• Abstract: Said Haddadi examines the interaction between security and democracy discourses and their mutually affecting relationship within the framework of the political and security basket of the Euro-Mediterranean Partnership. In this context, Haddadi places special emphasis on the role that institutions and practices within the EMP may play in contributing to the convergence of security and democracy views between the EU and North Africa. Against this background, this paper assesses the main arguments that underlie the political and security partnership within the EMP. The focus is on the process that led to the EU's 'securitization' of the Maghreb, that is, the EU's prioritization of security concerns relating to North Africa. Haddadi' s analysis of the interaction between security and democracy discourses in the EU and in North Africa points to a number of inconsistencies and dilemmas that are not sufficiently addressed by the institutions and practices of the EMP.
  • Topic: International Relations, Security, Democratization
  • Political Geography: Europe, North Africa, Maghreb
  • Author: Eckhard Schröter
  • Publication Date: 02-2004
  • Content Type: Working Paper
  • Institution: Center for German and European Studies, University of California, Berkeley
  • Abstract: In the late 1990s, the European Left seemed to be once more in the ascendancy with Social Democratic-led governments in power in the majority of EU countries, including the United Kingdom, France, and Germany. At the same time, the debate about the socalled 'Third Way' — as an icon of the apparent electoral revitalization of European Social Democracy — rose to become the most important reform discourse in the European party landscape.
  • Topic: International Relations, Government
  • Political Geography: Britain, United Kingdom, Europe, France, Germany
  • Author: Niall Ferguson
  • Publication Date: 11-2003
  • Content Type: Working Paper
  • Institution: Center for German and European Studies, University of California, Berkeley
  • Abstract: There is, in theory, a plausible role for the European Union as the partner of a militarily assertive United States: the peacekeeper that follows in the wake of the peacemaker. The war in Iraq, however, has raised the possibility of a diametrically different role for Europe: as a potential imperial rival to the United States. There is no need to invoke the memory of either Rome or Byzantium to make the case that Europe is capable of spoiling America's unipolar party. The successful conclusion of accession agreements with ten new member countries – not to mention the sustained appreciation of the euro against the dollar since Kennedy's article appeared – have seemingly vindicated this analysis. So too, in the eyes of some commentators, has the vociferous and not wholly ineffectual opposition of at least some E.U. member states to American policy in Iraq. If the U.S. has an imperial rival today, then the E.U. appears to be it.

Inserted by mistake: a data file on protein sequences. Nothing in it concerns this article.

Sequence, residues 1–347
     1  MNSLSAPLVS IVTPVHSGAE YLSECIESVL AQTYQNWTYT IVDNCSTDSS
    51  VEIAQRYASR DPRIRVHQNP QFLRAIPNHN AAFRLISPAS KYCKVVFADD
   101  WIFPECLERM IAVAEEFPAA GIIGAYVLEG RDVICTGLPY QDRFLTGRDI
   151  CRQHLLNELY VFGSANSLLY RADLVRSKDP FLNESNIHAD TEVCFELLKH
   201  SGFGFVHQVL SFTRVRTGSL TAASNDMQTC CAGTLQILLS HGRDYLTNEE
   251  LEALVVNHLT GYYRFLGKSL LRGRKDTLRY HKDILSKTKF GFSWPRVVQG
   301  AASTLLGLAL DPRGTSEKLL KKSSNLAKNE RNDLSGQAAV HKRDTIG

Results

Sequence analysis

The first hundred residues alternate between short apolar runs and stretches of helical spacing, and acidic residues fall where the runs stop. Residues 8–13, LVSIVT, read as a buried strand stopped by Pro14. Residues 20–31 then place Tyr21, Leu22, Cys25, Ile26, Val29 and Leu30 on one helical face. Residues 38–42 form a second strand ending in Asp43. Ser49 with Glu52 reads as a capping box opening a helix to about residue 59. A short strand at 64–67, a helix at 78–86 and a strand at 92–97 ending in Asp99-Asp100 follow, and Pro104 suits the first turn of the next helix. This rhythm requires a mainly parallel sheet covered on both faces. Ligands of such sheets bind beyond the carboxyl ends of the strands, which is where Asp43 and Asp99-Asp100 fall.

• Topic: International Relations, War
  • Political Geography: United States, Iraq, Europe, Rome, Brussels
  • Author: Jackson Janes
  • Publication Date: 11-2003
  • Content Type: Working Paper
  • Institution: Center for German and European Studies, University of California, Berkeley
  • Abstract: During the Cold War, European-American relations were often marked by differences over tactics, but we did share for the most part a strategic goal that was to be achieved on the basis of the twin principles of deterrence and détente. Yet there are some that would argue that this past year has been different; that the transatlantic rift goes deeper and will last longer. If the Americans and Europeans cannot find common ground in certain regulatory areas, it may be that we will agree to disagree on the use of GMO's, technological standards, or Anti-trust legislation. This could lead to more competition but also to duplication in an increasingly interwoven global market. Yet, because we face a vastly more complicated environment today than during previous years — full of threats and opportunities — it will remain a challenge for the coming decade to strategize as to how transatlantic political policy problems can best be dealt with.
  • Topic: International Relations, Cold War, Politics
  • Political Geography: United States, Europe
  • Author: Renate Holub
  • Publication Date: 08-2003
  • Content Type: Working Paper
  • Institution: Center for German and European Studies, University of California, Berkeley
  • Abstract: Until the break-up of the Soviet Union, dominant intellectual and educational cultures in Europe worked primarily with national concepts. In the twentieth century, nationalist ideologies have, of course, lost some of their glamour due to the impact of two disastrous world wars. But while leading European intellectuals over the past 50 years developed a research program that transcended the national spirit, they nonetheless remained bound by the concept of “modernity,” which comprises the concept of the modern nation state and the modern nation state system. Steeped in this cultural unconscious, Europe has neglected the systematic study of alternative modernities and alternative systems of governmentality -- including systems of democratic governmentality in the internet age -- especially as these alternative modernities relate to the influx of Muslim populations.
  • Topic: International Relations, Ethnic Conflict, Islam, Population
  • Political Geography: Europe, Soviet Union, Arabia
  • Author: Neil Fligstein, Jason McNichol
  • Publication Date: 11-1996
  • Content Type: Working Paper
  • Institution: Center for German and European Studies, University of California, Berkeley
  • Abstract: One of the central issues in making sense of the European Union is the question of the degree to which it functions as an autonomous state. One pole of this debate conceives of the EU as a supranational entity while the other argues that it remains an intergovernmental bargain. Here, we propose to analyze the EU in terms of the structuring of its policy domains. 12 of 17 domains appear organized by nongovernmental organizations. We conclude that while the governments retain direct control over important parts of the EU, they have allowed most policy domains at the EU level to become autonomous.
  • Topic: International Relations, International Organization
  • Political Geography: Europe